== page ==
It’s 2013 and this set is officially 39 years old and to kick off the new year we return to the regular player cards and get thrown a bone with an action shot. It’s a pretty blurry one of Willie Crawford, but that may just be my card. It’s also tough to pinpoint the stadium and my guess is it’s either Philadelphia (strong) or Shea (not so strong) because that’s where other Dodger action cards were shot. It’s also tough to get a handle on this swing’s result since Willie looks pretty casual and may have missed the pitch entirely or may even be taking a cut in the on deck circle. Ah, for the absolutes of those Series shots. But one absolute here, for sure, is that Willie is smack dab in the midst of one of his best seasons, one in which he set personal bests in just about every major hitting category as he finally took over right field for real, put up a nearly-.400 OBA, and got rewarded with a “10” card. He’d been seeking that spot for almost ten years, even though he was probably only 26 when this shot was taken. He had a torrid May, hitting above .400 to finish the month at .321 when pretty much the whole line-up was hitting over .300. Willie would then hold onto his position for a couple seasons, more-or-less, although he could never completely escape the LA platoon system. Once he finally did, his career ended pretty quickly which would unfortunately be a barometer for things down the road. But right here he looks pretty good, every bit the bonus baby he was a decade ago.
Willie Crawford was born and raised in LA where he attended Fremont High School and roamed its diamond with future MLB guys Bobby Tolan and Bob Watson. Like just about every other black kid from the area with serious skills, he also played for Chet Brewer’s team in the summer. And he was a track star: a 9.7 burner in the 100-yard dash and a 25-foot long jumper. When he was a senior he was wooed by every MLB team, especially Kansas City, who’s owner Charlie O Finley got Willie a tux and a limo for his prom and offered him a fat bonus, including about $300 cash he gave Willie on prom night. But the poor kid didn’t live in a neighborhood in which it was too wise to carry that kind of bankroll so he hid it in his shoe and then nearly pulled a hamstring trying to dance with it there. In the end Willie and his dad were put off by Finley’s aggressiveness and instead signed with the more reserved scout the Dodgers sent, a guy named Tommy Lasorda (I guess “reserved” is relative) for a pretty big stake. That was in ’64, the final non-draft year, and that meant Willie, who was all of 17, would have to spend at least some time up top. But first he played some A ball where he hit .326 and showed off his wheels. He then spent all of ’65 on the LA roster where he of course barely played but got some Series work with a hit in his two at bats. After the season he played in the Instructional League where he hit .317 in 35 games. In ’66 he went to Double A where his average sank to .265 as he struck out a pretty amazing 186 times in just over 500 at bats. Pretty scary, but his power numbers upticked pretty good. In ’67 he did IL work again and between that and his Double A time put up better numbers: 14 triples, 25 homers, 94 RBI’s, 21 steals, and a .293 average despite another pretty high – but better - K mark of 150. After hitting .295 with nine triples back in the top of the line-up in just over half a Triple A season in ’68 he returned to LA for good.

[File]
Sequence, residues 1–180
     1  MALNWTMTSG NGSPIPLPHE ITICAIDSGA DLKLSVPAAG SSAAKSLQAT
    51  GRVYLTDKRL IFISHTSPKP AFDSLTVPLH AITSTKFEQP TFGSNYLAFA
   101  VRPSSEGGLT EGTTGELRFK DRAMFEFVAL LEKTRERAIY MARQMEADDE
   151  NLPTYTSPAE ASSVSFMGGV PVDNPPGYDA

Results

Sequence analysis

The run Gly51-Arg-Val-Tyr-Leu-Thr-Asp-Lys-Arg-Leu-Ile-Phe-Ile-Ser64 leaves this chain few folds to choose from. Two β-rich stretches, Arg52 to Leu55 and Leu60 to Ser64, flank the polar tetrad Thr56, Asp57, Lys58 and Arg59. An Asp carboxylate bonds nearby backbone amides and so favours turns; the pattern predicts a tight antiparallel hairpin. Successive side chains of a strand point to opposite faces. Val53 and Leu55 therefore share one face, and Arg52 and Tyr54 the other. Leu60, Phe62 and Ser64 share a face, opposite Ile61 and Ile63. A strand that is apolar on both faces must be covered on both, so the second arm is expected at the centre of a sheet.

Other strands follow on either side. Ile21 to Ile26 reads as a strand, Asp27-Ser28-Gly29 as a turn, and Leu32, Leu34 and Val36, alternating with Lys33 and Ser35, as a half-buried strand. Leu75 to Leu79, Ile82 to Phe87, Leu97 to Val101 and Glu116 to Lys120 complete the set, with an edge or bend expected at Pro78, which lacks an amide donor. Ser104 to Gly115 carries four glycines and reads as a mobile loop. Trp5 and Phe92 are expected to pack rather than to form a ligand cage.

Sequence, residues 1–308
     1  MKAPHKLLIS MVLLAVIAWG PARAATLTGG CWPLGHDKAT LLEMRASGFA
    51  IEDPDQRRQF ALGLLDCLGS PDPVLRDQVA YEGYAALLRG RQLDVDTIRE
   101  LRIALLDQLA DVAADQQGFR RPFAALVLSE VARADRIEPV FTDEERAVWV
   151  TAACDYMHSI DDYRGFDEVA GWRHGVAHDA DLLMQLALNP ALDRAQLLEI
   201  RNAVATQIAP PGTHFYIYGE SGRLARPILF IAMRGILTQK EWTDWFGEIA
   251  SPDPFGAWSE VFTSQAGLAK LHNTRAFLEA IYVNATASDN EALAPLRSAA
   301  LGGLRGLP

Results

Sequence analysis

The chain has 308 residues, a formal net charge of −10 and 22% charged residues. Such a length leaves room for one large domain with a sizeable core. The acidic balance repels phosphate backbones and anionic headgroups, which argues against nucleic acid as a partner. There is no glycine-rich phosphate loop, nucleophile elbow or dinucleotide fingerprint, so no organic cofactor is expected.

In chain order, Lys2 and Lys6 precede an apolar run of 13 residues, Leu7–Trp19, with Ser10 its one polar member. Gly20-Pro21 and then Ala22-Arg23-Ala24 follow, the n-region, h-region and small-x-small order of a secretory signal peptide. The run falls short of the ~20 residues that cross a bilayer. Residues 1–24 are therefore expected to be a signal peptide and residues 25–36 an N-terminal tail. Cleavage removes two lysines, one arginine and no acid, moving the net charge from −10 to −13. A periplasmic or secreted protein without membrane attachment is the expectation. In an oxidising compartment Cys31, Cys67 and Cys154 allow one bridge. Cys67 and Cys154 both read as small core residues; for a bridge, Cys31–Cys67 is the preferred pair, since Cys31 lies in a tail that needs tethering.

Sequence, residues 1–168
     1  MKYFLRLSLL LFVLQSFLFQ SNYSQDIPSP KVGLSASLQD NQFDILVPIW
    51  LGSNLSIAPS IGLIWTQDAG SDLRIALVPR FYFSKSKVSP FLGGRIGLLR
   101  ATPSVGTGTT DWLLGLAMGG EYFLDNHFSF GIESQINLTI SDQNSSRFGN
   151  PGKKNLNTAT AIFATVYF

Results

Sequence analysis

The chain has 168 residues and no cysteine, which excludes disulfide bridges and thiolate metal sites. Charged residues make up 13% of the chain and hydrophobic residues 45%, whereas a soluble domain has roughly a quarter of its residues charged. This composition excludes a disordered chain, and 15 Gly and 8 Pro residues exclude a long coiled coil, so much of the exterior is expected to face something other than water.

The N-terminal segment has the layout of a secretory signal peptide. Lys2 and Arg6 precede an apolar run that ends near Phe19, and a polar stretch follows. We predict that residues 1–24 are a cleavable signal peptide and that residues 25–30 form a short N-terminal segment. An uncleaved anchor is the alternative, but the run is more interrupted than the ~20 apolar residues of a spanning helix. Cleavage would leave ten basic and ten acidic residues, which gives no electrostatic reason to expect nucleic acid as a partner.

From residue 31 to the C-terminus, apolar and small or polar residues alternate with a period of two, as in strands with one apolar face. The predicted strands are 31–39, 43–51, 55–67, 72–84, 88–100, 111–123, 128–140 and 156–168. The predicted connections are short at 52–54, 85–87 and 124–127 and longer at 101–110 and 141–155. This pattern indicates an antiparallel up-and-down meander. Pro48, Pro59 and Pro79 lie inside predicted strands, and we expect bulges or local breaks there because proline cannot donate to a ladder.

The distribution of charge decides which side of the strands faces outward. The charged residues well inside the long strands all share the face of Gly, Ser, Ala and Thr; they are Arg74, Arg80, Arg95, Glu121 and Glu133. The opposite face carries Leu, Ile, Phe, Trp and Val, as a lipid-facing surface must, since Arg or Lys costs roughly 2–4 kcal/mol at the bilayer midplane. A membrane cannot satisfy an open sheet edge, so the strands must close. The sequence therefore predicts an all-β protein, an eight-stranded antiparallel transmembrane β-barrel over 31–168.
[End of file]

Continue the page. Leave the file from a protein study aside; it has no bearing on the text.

In 1968 the Dodgers, though just two seasons from a Series appearance, were not doing terribly well. There was no regular player at three-quarters of the infield and there was zero power in the outfield. So when Crawford put up his pretty pedestrian numbers – although those 64 strikeouts must have been a bit scary – people were generally excited. So in ’69 he became the forth outfielder, putting in a bit more time at each corner than in center. His offense improved for most stats but his K’s stayed awfully high – 85 – even though most guys on the team enjoyed better numbers after the mound was lowered. In ’70 he lost a bit of time to young guys Bill Russell and Von Joshua, but not the K’s as he put up 88 in nearly 100 less at bats. Then in ’71 after a lousy start something good happened: Willie’s average climbed almost 50 points and his doubles doubled as his strikeouts came down by half. According to some accounts Willie was helped with his hitting by none other than Dick Allen, who stopped in LA for that season. In ’72 a hot start to the season power-wise was arrested by a cold spring and summer and by the end of July Willie was hitting near Mendoza levels. A hot late August and September pulled his average back 25 points and he was rewarded with the spot in right field vacated when Frank Robinson went to California.